There are several electrical appliances in your home that are a part of your plumbing system. While it might seem strange to think of electricity and water working together it does happen in a number of rooms throughout your house.
In fact, electrical appliances connected to your plumbing system help you to get a variety of tasks done each day with a lot more efficiency. For instance, your washing machine allows you to get laundry done all day long, without having to go to the Laundromat or, even worse, the wash basin and scrub by hand.
But, what happens when one of these appliances breaks down? Who is responsible for the repair? Here are some tips that you can follow to troubleshoot a break down with your washing machine:
- A washing machine that doesn’t drain water. When you start a load of laundry in your washing machine, the tub fills with the appropriate amount of water for the setting, mixes in the soap, and then agitates the clothing to wash them. Then there is a period where the used water drains out of the tub, to make room for more water that will rinse the clothing.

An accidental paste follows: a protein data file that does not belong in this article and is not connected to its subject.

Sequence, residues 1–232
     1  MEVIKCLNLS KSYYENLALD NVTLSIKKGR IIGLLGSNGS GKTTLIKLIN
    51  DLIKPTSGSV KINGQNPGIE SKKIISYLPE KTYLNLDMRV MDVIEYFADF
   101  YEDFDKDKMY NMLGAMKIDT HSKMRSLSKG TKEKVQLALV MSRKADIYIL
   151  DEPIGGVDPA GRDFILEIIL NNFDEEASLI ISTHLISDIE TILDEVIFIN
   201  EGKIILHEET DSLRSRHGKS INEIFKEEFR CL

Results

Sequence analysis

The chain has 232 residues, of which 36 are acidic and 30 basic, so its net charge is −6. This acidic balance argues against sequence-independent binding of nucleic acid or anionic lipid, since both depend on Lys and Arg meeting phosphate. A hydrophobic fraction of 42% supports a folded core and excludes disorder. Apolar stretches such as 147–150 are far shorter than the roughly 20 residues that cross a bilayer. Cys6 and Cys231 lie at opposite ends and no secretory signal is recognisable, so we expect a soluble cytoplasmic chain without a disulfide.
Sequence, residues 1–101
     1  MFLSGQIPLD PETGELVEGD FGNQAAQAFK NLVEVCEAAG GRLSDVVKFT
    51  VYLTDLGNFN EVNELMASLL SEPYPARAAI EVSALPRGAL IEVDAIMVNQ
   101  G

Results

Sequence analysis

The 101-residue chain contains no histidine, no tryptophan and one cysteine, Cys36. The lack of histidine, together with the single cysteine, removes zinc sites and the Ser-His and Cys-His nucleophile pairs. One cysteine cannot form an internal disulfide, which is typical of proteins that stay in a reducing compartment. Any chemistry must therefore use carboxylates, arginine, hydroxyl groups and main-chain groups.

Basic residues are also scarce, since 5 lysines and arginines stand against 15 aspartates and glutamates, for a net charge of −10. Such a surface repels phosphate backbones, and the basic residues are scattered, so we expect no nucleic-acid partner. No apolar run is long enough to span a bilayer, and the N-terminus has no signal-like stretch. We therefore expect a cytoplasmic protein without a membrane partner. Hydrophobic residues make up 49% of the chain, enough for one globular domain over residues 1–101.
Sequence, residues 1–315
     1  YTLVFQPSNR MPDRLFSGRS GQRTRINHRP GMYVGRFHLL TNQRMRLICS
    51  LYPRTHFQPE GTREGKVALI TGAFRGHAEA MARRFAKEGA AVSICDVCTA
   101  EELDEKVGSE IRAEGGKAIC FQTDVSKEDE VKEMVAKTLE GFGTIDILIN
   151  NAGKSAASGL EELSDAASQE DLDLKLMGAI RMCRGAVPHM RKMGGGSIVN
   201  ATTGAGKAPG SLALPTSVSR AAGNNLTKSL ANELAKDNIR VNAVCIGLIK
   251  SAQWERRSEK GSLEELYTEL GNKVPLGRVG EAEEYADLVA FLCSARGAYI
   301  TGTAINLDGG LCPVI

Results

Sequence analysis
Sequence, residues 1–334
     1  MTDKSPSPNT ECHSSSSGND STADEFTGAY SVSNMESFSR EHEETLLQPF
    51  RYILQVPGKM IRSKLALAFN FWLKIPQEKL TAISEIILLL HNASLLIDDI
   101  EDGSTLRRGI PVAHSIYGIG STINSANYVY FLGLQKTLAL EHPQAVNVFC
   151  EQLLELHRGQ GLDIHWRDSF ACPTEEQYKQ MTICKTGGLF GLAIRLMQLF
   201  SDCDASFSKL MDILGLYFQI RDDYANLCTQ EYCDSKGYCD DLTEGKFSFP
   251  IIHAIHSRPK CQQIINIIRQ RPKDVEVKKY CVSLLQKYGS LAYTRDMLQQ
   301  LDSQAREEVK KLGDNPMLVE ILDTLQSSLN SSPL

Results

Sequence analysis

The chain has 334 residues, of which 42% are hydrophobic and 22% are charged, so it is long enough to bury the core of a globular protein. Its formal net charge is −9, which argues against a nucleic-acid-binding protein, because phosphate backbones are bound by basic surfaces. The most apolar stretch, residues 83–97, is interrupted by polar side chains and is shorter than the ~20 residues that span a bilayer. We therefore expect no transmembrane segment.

- The used water is then routed out of the washing machine tub, through a drain hose on the back of the unit, and into the plumbing pipes that carry it to the septic or sewer system for your home. When there is something clogging the drain hose, the washing machine tub cannot drain water and you are left with a washing machine tub full of used water and soaking wet clothes. A plumber will need to come and inspect the drain hose and the plumbing pipe to clear the clog.
- The used water is then routed out of the washing machine tub, by way of a pump inside of the unit, through a drain hose, and into the plumbing pipes. If the washing machine pump is not working, the water will not drain out. You will need to contact an appliance repair person to inspect the pump and determine if it needs repair or replacing.
The best way to decide if it is clog or pump is to try and find and then clear a clog. Look inside of the drain hose with a flash light and see if you can identify any solid debris. If you have one, run a drain claw down into the drain hose and try to catch any debris that is in the hose. If you are able to clean out the drain hose, and the unit still does not drain, it is likely the pump.